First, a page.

Despite the existence of conventional medications to manage multiple sclerosis (MS) symptoms, a majority of patients also rely on alternative therapies, including vitamins, exercise and marijuana, a new survey suggests.
For the study, researchers at Oregon Health and Science University in Portland asked MS patients if they used “complementary and alternative therapies” — medicines and practices outside of standard medical care.
A majority of just over 1,000 respondents said they used some type of alternative therapy, including marijuana, vitamins, herbs and minerals, plus mind-body therapies like exercise, mindfulness, massage and various diets.
An earlier survey, conducted in 2001, found some people regularly used these therapies — and many found them helpful — but only 7% were talking to their doctors about them.
“It was a little bit of a wake-up call to physicians that they need to be more educated about complementary or alternative therapies, and then consider these therapies as part of the overall treatment plan for their patients,” said lead author Dr. Elizabeth Silbermann, a neurology fellow.
MS is a potentially disabling disease that results from the immune system attacking the nervous system and damaging nerves. Symptoms vary, and while some patients eventually lose their ability to walk, others may experience only mild symptoms. MS has no known cure, but treatments can slow the disease’s progression and help patients manage symptoms.
“We have a lot more treatment options for our patients, and we’re treating our patients earlier than we ever did before,” Silbermann said.
But now that there are so many more medications, the researchers wanted to know if people are still using complementary or alternative medicines.
To find out, Silbermann’s team surveyed MS patients in Oregon and Washington between August 2018 and March 2019.
The investigators found that 80% of respondents used dietary supplements (such as vitamins, minerals, and herbs) compared to 65% in 2001.
Around 70% reported using conventional medications to manage their MS symptoms.
The percentage using mind-body therapies (such as mindfulness and massage) nearly tripled — 39% of current patients, up from 14% in the earlier survey. More than eight in 10 were exercising, an increase from 67% in 2001.
Good evidence for exercise
Exercise is one of the only alternative therapies in the survey that has strong evidence of success in curbing MS symptoms.
“This is a disease that does cause physical disability and weakness, so it’s very natural to refer patients to physical therapy and to encourage them to be physically active,” Silbermann explained. “There’s pretty good evidence that things like stretching can be helpful for MS-related muscle tightness, and that staying physically active and doing some aerobic exercise can be very helpful for our patients.”
In the current survey, about 30% of participants reported using marijuana in a variety of forms. Pot is legal in Oregon and Washington, where the study was conducted, potentially limiting generalization of the results.
There is some evidence that marijuana can help patients with muscle “spasticity” or tightness.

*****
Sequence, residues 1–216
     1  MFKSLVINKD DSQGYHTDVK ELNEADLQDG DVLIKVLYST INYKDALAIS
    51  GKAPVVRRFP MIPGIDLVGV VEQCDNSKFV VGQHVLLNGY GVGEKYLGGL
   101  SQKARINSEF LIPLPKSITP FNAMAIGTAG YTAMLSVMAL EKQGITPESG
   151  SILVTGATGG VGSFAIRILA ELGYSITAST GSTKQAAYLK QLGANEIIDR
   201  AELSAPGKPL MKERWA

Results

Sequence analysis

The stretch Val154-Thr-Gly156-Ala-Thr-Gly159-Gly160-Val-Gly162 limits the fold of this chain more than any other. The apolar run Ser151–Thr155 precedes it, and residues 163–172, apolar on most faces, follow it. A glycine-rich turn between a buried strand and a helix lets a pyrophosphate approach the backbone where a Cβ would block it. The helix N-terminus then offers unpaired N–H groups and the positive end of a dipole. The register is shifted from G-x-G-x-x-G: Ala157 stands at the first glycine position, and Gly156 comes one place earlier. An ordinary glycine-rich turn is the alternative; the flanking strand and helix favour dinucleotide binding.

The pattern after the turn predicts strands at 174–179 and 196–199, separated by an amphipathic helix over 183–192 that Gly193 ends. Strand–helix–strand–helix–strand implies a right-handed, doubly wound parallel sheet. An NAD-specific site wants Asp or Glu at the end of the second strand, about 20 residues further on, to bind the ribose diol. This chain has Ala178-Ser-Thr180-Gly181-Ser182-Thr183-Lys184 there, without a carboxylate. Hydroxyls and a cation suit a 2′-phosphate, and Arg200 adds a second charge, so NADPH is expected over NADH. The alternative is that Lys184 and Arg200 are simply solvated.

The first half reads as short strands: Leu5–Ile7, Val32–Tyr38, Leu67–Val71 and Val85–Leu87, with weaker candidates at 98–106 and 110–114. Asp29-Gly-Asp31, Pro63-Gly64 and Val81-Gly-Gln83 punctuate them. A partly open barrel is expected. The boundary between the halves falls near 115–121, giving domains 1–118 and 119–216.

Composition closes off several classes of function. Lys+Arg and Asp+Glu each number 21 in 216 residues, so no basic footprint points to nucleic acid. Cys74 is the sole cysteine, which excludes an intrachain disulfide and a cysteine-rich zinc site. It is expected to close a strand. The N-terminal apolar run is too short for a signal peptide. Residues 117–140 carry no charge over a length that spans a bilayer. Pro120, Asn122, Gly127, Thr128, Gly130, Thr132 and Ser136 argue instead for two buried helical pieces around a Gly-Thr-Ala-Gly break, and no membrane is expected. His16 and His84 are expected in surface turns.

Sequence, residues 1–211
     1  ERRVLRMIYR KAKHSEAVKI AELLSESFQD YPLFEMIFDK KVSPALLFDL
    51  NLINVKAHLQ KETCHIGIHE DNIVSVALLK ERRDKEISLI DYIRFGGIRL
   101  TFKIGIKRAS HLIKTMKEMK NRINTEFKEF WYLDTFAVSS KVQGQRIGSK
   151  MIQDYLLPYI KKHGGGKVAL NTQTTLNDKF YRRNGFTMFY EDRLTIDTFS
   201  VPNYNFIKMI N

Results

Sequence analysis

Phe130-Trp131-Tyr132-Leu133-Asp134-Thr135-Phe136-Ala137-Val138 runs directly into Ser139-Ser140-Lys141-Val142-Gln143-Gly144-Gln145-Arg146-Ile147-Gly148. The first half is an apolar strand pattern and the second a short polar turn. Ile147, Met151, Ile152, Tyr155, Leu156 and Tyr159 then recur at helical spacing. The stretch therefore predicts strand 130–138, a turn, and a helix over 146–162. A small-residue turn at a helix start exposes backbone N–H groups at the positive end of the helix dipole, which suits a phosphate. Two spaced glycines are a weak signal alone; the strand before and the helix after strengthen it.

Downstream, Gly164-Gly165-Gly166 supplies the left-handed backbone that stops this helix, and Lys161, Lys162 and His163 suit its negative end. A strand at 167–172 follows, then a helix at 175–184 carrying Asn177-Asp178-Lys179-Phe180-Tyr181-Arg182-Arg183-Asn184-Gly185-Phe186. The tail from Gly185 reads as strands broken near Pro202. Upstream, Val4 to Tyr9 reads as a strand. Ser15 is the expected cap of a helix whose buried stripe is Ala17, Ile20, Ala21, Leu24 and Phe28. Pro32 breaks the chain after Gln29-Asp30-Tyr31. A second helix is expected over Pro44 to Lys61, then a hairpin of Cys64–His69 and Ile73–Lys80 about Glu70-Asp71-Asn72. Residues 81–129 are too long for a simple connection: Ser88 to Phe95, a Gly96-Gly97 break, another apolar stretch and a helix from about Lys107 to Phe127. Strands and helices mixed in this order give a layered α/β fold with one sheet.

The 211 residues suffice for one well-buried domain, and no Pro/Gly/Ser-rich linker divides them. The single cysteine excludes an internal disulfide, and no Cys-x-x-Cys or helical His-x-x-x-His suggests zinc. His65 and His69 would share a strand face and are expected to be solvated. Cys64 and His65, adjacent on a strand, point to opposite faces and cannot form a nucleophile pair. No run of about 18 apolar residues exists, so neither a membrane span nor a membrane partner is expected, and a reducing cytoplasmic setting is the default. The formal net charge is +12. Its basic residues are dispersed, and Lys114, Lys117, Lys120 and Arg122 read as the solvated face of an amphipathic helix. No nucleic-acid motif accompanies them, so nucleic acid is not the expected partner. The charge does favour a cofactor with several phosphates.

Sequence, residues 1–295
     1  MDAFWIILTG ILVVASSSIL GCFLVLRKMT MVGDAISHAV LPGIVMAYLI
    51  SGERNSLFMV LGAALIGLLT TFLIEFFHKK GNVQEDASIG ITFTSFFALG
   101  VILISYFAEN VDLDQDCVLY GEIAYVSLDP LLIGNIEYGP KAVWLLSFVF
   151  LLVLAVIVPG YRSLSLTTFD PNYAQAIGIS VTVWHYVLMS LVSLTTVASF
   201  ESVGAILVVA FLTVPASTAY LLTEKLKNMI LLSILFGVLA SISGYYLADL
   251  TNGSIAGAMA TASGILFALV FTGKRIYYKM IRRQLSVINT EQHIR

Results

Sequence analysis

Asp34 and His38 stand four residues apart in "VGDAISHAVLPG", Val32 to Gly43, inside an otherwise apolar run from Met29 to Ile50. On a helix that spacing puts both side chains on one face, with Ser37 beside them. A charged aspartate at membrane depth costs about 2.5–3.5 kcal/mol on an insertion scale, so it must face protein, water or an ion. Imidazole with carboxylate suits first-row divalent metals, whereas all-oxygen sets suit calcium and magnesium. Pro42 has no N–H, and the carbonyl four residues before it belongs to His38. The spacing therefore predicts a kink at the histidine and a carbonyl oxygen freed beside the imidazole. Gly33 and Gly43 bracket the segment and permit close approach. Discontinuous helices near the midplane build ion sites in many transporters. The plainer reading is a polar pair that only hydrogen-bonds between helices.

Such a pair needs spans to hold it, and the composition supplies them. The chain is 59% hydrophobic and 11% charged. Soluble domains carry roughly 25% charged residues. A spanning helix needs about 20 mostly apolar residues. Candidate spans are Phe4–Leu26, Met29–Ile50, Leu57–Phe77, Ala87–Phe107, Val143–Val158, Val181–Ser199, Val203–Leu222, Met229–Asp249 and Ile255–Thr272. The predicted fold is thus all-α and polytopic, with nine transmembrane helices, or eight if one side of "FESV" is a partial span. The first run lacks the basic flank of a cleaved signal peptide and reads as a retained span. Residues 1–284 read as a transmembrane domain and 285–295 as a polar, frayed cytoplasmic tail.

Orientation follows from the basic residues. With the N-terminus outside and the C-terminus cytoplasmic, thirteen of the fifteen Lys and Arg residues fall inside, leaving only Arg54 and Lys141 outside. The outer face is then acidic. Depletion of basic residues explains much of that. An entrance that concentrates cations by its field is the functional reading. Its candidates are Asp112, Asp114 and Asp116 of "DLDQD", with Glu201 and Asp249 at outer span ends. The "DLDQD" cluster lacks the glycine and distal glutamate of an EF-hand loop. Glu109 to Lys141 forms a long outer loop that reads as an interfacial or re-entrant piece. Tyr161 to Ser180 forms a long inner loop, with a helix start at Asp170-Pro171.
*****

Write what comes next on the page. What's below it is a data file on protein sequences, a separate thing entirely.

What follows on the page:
“When you ask patients to report how tight their muscles feel, they will report consistently that their muscles feel less tight when they are using cannabis, which is great,” said Silbermann.
Pot’s pros and cons
Sean Hennessy, an epidemiologist at the University of Pennsylvania Perelman School of Medicine in Philadelphia, said, “One of the few uses for cannabis-based products for which there’s reasonable evidence of effectiveness is muscle spasticity associated with multiple sclerosis.”
Hennessy was involved in a 2017 report from the National Academies of Sciences, Engineering, and Medicine that synthesized available information on cannabis products and their use in medicine.
But pot can potentially exacerbate existing MS symptoms, including muddled thinking and memory problems. Silbermann said that “it goes to show us that everything does have a side effect that we have to consider as part of an overall treatment strategy and plan.”
One of the most significant findings of the new survey was that over half of respondents said they spoke to their doctors about their use of alternative medicines, compared to the dismal 7% in 2001.
Silbermann said she hopes this is because patients feel that physicians are more accepting and knowledgeable about other treatment options. However, not enough is known about alternative therapies for physicians to decide which are safe and effective, she added.
Physicians need to know what supplements or drugs you might be taking for many reasons, but especially to ensure that the medications they prescribe don’t have any potentially negative interactions. But alternative medicines like supplements and cannabis are not well-regulated or well-studied, limiting the ability to assess their safety and efficacy.
“It’s hard to know exactly what you’re getting. So there’s always a concern about the purity of whatever you’re taking, and that’s especially true in cannabis,” Silbermann explained.
According to Hennessy, there are not enough referenced resources that physicians can rely on to know what medications interact poorly with cannabis.
“So, yes, it’s a good idea to tell your physician if you’re using cannabis, but they don’t really have anywhere to look to see whether cannabis interacts with whatever other drugs you’re taking,” Hennessy said.
Silbermann stressed that more research is needed to back up any recommendations about alternative therapies. “It’s an entire other field of medicine, and I think that we’re just learning how important it is to our patients,” she said.
The results were recently published online in the journal Multiple Sclerosis and Related Disorders.
There’s more about multiple sclerosis at the National Multiple Sclerosis Society.
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